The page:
Red legged earth mite (RLEM) insecticide resistance continues to challenge Western Australian landholders, prompting a greater focus on integrated pest management to optimise crop yields.
The Department of Primary Industries and Regional Development examined the effectiveness of several different insecticides to control the pest in laboratory trials in a collaborative project with Grains Research and Development Corporation (GRDC) co-investment.
The results were discussed at the 2020 GRDC Grains Research Updates in Perth recently.
RLEM collected from 73 sites in medium to high rainfall areas of the WA grainbelt were exposed to organophosphate (Group 1B) and synthetic pyrethroid (Group 2A) insecticides.
Department entomology research scientist, Svetlana Micic, said laboratory trials confirmed none of the chemical groups could be relied upon to effectively control RLEM.
“Over half of the sites had RLEM survive recommended insecticide rates,” Ms Micic said.
“Of concern is that about 30 per cent of sites had RLEM that survived exposure to synthetic pyrethroids, as well as to more than one insecticide in the organophosphate group.
“These results show that organophosphate and synthetic pyrethroids insecticides cannot be used to effectively control RLEM long term.”
Reports of RLEM causing early season crop damage – especially in canola – were particularly prevalent in WA last year, most likely due to the staggered germination of canola at the start of the season.
The prevalence was probably due to peak hatchings of RLEM coinciding with paddocks that had both germinating seedlings and established plants.
In these paddocks post-sowing pre-emergent insecticides had little effect on the hatched RLEM.
Ms Micic said the insecticide research highlighted the need for landholders not to solely rely on insecticides to control RLEM and to employ a range of strategies to reduce the pest’s impact on crop yields.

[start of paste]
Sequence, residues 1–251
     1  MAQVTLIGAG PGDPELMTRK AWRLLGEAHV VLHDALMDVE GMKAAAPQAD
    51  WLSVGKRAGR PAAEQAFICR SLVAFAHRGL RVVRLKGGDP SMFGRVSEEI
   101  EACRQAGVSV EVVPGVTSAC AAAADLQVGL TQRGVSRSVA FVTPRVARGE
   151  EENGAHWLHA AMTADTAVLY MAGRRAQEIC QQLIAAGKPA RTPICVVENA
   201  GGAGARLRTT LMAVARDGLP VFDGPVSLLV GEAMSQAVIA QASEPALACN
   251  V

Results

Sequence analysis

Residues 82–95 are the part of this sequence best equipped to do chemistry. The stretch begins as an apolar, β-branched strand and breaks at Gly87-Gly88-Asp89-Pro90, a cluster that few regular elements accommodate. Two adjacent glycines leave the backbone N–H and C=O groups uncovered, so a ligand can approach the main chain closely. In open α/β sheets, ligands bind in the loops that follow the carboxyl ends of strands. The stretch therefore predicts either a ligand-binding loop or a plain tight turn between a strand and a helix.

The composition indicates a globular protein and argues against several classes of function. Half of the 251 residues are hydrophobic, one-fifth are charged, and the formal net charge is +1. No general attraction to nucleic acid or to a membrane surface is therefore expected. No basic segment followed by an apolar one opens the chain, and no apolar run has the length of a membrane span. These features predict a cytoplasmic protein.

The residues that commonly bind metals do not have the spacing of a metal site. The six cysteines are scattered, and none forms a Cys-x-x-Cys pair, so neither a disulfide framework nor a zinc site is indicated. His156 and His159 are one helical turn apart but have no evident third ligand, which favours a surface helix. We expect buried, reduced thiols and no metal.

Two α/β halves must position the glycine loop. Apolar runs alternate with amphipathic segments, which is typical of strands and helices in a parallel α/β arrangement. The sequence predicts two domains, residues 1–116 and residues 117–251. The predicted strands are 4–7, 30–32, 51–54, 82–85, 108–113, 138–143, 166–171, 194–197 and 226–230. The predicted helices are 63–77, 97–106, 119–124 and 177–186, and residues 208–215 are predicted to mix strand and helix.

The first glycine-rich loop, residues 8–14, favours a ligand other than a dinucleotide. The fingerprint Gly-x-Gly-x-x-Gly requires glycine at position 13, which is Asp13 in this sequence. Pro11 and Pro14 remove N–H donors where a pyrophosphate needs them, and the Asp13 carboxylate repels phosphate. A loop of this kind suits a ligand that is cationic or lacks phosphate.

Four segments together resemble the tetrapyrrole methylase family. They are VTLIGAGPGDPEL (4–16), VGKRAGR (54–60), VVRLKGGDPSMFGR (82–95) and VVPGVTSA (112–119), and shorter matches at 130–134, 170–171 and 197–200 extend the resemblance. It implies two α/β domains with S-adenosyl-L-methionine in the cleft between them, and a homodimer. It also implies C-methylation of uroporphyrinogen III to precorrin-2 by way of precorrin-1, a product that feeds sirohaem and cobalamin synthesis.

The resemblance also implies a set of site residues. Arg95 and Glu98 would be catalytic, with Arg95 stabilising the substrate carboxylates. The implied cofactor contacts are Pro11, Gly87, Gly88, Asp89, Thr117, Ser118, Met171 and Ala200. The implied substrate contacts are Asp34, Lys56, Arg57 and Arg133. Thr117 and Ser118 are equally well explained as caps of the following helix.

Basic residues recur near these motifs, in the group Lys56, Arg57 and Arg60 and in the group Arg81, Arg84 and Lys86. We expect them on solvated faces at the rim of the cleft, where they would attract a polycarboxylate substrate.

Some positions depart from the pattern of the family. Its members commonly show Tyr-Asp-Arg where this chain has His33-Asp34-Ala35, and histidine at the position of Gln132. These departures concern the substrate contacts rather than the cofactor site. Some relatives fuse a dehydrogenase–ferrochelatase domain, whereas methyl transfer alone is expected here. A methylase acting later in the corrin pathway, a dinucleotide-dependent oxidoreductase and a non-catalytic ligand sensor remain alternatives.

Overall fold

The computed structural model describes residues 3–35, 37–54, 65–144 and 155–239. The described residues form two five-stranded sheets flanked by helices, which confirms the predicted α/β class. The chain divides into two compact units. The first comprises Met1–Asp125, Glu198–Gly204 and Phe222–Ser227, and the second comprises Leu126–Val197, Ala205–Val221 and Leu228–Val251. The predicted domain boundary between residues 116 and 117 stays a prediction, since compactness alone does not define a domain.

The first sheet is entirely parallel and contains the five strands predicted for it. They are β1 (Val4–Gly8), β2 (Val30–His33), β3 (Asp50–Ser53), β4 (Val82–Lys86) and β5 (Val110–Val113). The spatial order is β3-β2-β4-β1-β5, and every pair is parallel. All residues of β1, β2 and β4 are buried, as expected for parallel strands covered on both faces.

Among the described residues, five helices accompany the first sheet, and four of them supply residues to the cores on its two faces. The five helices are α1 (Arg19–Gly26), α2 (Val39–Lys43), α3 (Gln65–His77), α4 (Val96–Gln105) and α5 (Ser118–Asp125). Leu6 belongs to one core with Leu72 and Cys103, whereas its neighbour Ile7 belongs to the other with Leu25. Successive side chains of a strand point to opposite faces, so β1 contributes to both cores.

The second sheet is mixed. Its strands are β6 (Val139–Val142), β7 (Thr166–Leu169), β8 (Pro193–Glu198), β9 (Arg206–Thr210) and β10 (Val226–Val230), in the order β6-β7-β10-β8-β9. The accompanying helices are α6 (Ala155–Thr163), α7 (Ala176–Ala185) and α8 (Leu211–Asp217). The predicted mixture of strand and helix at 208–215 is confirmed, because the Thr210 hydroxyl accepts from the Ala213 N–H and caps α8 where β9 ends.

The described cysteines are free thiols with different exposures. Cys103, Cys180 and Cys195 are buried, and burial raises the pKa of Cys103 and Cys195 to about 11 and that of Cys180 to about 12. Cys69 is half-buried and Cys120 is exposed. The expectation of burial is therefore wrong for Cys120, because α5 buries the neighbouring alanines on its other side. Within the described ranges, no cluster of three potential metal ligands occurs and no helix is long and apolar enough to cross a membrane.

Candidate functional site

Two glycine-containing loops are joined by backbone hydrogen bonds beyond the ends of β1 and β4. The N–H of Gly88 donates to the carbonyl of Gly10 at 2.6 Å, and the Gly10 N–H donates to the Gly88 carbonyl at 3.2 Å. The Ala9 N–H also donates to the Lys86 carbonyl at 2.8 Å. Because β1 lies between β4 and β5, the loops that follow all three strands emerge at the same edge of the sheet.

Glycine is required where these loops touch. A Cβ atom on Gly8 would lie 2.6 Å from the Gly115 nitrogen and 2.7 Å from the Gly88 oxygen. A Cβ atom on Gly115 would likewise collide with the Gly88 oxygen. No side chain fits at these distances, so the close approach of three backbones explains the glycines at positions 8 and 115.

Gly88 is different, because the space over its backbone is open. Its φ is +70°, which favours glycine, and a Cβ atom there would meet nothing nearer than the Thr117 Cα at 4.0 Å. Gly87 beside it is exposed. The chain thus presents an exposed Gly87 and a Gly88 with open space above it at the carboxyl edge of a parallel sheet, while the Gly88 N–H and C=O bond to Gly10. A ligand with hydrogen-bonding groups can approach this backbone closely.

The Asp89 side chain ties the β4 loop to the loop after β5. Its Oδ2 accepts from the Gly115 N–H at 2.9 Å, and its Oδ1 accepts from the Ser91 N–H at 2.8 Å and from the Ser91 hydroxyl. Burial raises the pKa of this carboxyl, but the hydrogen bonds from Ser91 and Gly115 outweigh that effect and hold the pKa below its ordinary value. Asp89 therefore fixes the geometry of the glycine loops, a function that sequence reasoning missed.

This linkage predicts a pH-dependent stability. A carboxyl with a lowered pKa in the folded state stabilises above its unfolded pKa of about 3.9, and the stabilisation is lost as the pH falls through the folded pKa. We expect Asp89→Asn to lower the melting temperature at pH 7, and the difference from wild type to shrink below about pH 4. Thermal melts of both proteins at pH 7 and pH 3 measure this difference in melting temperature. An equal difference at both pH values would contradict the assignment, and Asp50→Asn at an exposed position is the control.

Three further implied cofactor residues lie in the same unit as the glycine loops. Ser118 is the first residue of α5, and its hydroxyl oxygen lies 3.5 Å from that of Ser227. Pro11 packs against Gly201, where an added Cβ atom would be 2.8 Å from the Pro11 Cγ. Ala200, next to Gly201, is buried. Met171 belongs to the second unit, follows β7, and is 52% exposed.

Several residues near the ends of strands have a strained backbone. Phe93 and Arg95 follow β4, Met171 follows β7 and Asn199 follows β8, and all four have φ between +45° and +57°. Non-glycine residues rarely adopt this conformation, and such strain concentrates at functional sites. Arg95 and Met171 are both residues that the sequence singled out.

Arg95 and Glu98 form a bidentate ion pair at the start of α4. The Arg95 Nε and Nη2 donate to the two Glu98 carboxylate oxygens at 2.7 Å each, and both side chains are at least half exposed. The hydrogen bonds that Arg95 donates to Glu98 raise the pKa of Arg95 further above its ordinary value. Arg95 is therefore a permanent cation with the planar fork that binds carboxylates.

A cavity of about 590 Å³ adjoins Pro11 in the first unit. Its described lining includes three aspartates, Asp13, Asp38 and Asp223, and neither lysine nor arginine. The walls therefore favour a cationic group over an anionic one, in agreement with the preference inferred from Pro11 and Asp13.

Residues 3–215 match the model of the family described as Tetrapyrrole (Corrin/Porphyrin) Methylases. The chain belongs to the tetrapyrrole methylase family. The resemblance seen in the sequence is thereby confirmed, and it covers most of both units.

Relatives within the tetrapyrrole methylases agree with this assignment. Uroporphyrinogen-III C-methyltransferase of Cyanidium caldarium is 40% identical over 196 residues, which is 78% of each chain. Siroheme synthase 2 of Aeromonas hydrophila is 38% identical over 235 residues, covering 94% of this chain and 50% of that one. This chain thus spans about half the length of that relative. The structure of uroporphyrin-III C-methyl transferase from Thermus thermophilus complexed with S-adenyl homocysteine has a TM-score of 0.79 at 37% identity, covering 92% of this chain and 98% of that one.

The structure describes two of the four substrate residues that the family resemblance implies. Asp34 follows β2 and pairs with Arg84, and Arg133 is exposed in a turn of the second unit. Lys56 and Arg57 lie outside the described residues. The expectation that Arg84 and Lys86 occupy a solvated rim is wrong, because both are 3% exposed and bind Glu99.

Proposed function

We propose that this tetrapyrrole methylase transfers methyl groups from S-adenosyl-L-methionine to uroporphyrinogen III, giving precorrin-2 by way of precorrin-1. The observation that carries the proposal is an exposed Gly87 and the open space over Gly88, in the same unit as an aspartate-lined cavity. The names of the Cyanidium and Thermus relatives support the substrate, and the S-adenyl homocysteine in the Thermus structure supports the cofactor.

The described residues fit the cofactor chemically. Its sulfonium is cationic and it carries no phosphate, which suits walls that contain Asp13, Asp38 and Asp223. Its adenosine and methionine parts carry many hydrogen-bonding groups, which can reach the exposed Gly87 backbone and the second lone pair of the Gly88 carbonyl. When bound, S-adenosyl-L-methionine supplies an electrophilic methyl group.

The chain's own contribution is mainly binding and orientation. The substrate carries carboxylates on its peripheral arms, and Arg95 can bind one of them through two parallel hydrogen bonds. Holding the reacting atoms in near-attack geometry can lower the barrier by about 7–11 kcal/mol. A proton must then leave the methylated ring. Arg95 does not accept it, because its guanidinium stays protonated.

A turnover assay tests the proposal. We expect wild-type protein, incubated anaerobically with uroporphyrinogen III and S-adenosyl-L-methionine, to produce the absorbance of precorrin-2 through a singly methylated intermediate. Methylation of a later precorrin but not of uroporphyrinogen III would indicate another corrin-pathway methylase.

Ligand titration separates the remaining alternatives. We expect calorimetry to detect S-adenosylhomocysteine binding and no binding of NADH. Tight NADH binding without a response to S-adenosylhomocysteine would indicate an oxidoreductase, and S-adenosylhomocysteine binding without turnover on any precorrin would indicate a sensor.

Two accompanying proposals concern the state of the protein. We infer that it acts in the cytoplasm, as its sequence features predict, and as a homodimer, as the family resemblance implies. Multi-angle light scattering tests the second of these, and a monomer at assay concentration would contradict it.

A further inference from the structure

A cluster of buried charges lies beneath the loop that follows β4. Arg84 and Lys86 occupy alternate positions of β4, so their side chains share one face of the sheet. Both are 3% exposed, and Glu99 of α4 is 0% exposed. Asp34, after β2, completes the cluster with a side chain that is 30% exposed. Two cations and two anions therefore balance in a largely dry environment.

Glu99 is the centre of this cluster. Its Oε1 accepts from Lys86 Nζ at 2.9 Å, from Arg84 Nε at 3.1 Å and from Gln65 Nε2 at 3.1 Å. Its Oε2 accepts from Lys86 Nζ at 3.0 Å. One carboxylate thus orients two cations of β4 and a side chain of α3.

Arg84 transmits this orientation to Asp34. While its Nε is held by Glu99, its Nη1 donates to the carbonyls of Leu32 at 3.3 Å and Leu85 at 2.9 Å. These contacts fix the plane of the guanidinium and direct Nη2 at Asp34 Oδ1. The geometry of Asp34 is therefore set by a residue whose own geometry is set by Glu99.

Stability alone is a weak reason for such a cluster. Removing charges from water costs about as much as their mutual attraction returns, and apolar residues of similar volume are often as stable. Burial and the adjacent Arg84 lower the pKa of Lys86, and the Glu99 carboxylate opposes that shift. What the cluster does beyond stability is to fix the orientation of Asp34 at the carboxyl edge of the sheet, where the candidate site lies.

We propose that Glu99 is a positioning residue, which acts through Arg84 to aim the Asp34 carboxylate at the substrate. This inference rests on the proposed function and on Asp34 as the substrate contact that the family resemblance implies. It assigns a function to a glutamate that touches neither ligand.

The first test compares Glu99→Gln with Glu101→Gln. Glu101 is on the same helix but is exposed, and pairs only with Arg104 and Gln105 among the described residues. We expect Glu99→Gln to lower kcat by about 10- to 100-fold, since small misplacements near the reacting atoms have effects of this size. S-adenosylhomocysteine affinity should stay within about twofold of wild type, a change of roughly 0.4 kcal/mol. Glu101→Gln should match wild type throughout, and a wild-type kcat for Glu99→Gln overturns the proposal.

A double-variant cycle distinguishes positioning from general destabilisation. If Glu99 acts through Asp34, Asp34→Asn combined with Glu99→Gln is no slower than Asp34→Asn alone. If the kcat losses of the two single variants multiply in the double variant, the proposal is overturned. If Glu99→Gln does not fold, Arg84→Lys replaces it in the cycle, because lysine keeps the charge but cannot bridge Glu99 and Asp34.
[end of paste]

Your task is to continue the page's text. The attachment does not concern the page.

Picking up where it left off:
“Crop rotations are an effective way to reduce the risk of RLEM by sowing high risk crops, like canola, after low risk crops, such as cereals,” she said.
“It is also important to stay on top of the ‘green bridge’ and remove summer weeds that could provide a habitat that harbours RLEM into the growing season.
“Growers could also consider using insecticidal seed dressings and grazing pasture paddocks heavily late winter, particularly prior to sowing susceptible crops.”
Insecticide treatments to control other pests that could also impact on RLEM also need to be considered as part of an integrated pest management strategy.
“Every time a broad spectrum insecticide is used to control pests, such as aphids, RLEM also receive a dose of this treatment – despite not necessarily being the target – which can elevate resistance,” Ms Micic said.
“Alternative insecticides should be considered for use in canola, other than those from the synthetic pyrethroids and organophosphate groups, such as Diafenthiuron (Group 12A).”
The RLEM resistance testing was conducted as part of a GRDC research project led by the University of Melbourne, in collaboration with cesar (Centre for Environmental Stress and Adaptation Research) and the CSIRO.
More information on RLEM treatment and control options is contained in the Resistance Management Strategy for RLEM on the GRDC website.
The 2020 GRDC Regional Updates are scheduled for coming weeks. For details and to register visit the GRDC Updates and Events webpage.
Jodie Thomson/Megan Broad, media liaison
+61 (0)8 9368 3937